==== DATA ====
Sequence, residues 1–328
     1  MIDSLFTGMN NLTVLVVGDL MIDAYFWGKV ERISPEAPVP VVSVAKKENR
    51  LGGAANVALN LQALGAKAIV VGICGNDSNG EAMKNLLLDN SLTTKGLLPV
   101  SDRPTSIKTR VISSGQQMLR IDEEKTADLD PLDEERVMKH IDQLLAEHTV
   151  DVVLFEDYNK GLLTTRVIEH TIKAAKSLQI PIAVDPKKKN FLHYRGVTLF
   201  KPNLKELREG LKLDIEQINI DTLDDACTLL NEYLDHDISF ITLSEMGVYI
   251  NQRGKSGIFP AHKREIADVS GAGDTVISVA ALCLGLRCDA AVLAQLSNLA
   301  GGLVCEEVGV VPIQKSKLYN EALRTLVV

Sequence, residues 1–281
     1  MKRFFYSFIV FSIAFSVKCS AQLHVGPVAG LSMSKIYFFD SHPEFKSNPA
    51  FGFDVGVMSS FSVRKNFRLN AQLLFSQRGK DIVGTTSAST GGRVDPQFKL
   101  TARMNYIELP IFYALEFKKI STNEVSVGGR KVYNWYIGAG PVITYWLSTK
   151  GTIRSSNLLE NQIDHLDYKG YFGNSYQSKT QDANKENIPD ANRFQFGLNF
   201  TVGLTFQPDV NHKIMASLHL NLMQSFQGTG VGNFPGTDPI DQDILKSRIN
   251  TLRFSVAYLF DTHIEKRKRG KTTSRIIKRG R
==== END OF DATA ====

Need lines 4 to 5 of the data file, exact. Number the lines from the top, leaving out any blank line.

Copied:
   101  SDRPTSIKTR VISSGQQMLR IDEEKTADLD PLDEERVMKH IDQLLAEHTV
   151  DVVLFEDYNK GLLTTRVIEH TIKAAKSLQI PIAVDPKKKN FLHYRGVTLF